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A New Experience for Model UN

From November 20-23, the Model United Nations (MUN) Club embarked on a new adventure to Princeton University for their first Model UN Conference of the school year.    In the past, the November Model United Nations trip has been to Brown University. However, due to a switch of the advisor this year from math teacher Nicole Simmons, currently on yearlong maternity leave, to history teacher Courtney Clarke, the Brown deadline was missed.

“Preparation for this trip was substantially different from other trips,” said senior and Co-President of the Model United Nations Club Stanley Vuong.

He explained that this was mainly because “Mrs. Simmons usually handled all the details.” In Ms. Simmons’ absence, however, Stanley explained that the board members “had to handle things like booking the hotel and bus.”

Unlike most MUN conferences, Princeton was double delegated; meaning two people from the same school were assigned to one country. This led the committees to be twice as large as they normally would have been and some of the General Assemblies (GAs) consisted of almost 200 people. This, along with competition from top-ranked high schools such as Horace Mann and Dalton Academy, further contributed to the challenges faced by Blind Brook at this conference.

Since the club did not know what to expect going into the conference, preparation beforehand was especially important, including the drafting and submission of position papers. These generally consist of the stances of countries or significant persons on the topics distributed and how the delegate plans on addressing or solving the problem.

Blind Brook was given the countries of Turkey and Nicaragua to distribute among its members. Most were assigned to General Assembly committees (GA), such as the Disarmament and International Security Committee (DISEC), World Health Organization (WHO) and Human Rights Council (HRC), but a few were assigned to specialized committees, usually consisting off less people and more intimate debate sessions, such as the Paris Peace Conference and the Israel-Fatah-Hamas Committees.

 

The actual conference took place in a hotel outside of Princeton but due to the mass amounts of people at the conference, Blind Brook, along with a few other schools, was assigned to a hotel about five to ten minutes away from where the conference took place. Transportation issues arose as a result. Shuttles were available to transport the students to and from one hotel to the main hotel for the conference, but these shuttles only ran at a few intervals during the day, such as 6:45 A.M. or 12:30 A.M. There were often long waiting periods to actually get on to a shuttle; twice, the students had to take the 6:45 A.M. shuttle and bring a bag along with them with anything they may need throughout the day, as they did not return to the hotel until around 11:30 P.M.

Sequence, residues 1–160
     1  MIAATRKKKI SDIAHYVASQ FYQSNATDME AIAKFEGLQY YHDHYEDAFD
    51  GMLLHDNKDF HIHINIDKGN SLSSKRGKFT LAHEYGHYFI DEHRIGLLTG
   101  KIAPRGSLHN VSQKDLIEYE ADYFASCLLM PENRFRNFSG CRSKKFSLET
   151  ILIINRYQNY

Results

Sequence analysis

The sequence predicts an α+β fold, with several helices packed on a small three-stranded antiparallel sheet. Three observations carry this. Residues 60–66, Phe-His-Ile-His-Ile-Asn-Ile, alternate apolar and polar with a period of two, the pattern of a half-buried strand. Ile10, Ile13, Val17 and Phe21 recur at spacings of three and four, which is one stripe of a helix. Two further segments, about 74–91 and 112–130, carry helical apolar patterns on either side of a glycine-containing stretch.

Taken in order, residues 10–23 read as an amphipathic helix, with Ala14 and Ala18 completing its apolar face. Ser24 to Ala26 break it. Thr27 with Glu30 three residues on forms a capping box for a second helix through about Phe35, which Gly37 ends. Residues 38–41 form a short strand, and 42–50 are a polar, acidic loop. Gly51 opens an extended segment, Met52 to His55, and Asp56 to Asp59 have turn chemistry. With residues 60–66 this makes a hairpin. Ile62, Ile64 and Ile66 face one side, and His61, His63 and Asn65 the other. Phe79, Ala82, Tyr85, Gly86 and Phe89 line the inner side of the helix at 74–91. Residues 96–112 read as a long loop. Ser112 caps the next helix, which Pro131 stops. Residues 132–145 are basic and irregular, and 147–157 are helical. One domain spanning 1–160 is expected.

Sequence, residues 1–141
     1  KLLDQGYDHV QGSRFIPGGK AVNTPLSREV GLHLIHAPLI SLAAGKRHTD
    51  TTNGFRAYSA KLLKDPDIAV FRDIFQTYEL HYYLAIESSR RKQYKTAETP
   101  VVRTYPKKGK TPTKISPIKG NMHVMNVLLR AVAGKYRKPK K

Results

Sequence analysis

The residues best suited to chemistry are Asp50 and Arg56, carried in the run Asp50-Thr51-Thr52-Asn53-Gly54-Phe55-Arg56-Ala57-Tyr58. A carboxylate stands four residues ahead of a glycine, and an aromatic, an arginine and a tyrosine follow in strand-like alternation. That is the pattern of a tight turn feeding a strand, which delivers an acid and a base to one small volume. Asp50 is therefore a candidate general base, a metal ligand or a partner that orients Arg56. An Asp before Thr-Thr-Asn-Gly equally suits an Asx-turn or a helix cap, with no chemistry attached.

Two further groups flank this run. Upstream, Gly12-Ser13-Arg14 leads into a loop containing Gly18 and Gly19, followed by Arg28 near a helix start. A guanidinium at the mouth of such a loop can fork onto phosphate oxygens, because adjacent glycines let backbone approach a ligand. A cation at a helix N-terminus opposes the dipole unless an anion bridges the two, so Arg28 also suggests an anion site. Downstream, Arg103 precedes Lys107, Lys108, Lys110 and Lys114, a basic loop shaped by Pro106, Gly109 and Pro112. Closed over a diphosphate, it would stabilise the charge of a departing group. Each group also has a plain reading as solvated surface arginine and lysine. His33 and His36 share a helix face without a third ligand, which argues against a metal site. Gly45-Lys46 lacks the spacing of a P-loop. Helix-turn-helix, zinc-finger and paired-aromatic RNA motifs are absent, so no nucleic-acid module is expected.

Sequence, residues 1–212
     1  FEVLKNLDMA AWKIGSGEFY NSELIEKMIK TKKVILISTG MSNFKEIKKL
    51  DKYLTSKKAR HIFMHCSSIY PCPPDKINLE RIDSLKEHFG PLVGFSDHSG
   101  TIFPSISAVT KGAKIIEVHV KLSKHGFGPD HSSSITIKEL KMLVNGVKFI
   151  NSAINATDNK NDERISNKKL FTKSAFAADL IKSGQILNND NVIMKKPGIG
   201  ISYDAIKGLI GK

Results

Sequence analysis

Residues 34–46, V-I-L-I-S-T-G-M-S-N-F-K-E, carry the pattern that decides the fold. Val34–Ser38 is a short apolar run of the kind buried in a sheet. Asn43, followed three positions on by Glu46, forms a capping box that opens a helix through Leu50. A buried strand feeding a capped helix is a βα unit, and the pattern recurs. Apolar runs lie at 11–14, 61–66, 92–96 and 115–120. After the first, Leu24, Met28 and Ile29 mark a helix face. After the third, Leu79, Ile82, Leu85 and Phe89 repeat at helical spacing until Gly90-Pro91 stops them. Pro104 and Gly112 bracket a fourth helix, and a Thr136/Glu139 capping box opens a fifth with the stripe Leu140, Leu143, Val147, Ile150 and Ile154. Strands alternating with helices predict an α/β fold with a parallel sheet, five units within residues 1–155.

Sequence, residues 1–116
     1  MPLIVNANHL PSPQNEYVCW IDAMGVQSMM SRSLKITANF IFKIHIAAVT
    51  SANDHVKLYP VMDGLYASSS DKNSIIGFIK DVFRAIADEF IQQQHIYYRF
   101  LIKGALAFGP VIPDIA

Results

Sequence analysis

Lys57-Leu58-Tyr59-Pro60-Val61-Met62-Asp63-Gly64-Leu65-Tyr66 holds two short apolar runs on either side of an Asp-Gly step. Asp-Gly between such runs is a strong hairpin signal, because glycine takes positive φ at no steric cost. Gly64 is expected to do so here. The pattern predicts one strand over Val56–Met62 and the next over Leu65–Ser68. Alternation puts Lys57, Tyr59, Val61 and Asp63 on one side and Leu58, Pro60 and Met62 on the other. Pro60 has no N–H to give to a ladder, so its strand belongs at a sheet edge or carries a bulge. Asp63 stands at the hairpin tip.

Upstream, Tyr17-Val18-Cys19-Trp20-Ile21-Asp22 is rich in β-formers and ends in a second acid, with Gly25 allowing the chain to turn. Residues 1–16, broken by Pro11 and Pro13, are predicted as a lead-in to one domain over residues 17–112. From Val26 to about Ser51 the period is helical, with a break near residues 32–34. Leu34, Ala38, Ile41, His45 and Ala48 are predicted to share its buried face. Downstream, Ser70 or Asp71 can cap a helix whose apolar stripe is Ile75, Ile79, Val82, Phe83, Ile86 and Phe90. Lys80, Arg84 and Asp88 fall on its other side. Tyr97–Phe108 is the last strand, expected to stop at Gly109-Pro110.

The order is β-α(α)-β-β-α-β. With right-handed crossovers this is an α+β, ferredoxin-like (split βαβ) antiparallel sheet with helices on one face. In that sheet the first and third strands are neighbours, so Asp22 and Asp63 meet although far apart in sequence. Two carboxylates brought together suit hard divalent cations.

In addition, as part of the scheduling issues, Blind Brook was not able to go on the tour of Princeton University, an expected highlight of the experience, because of the lengthy amount of traveling and especially early shuttle.

“The people running the conference had some major transportation and scheduling errors that led to a lot of wasted time, but in the end everyone ended up getting through it. This conference was way more competitive than most of the ones we go to, but we still did our best to have fun and got away with a few awards so it all turned out okay in the end,” said Vuong.

Despite the competition, Blind Brook came away from the conference with a verbal commendation, won by Junior Sam Zarkower and Brandon Wilson on the Special Political and Decolonization (SPECPOL) Committee as Turkey, and an Honorable Mention, won by Senior Jack Broitman on the Organization of American States (OAS) Committee as Nicaragua.

“It was a great opportunity for our club to experience something new. I think the competition was fierce and although we didn’t win as many awards as we would have liked to, our club can only improve from here on out,” said senior and Co-President Alex Egol.

“I was really excited to go and had a great time. I was very impressed by the devotion of all the students and all the hard work they put into the conference, both from Blind Brook and from other schools, and I look forward to the next trip,” said Advisor Courtney Clarke.

About the author

Joanna Goodman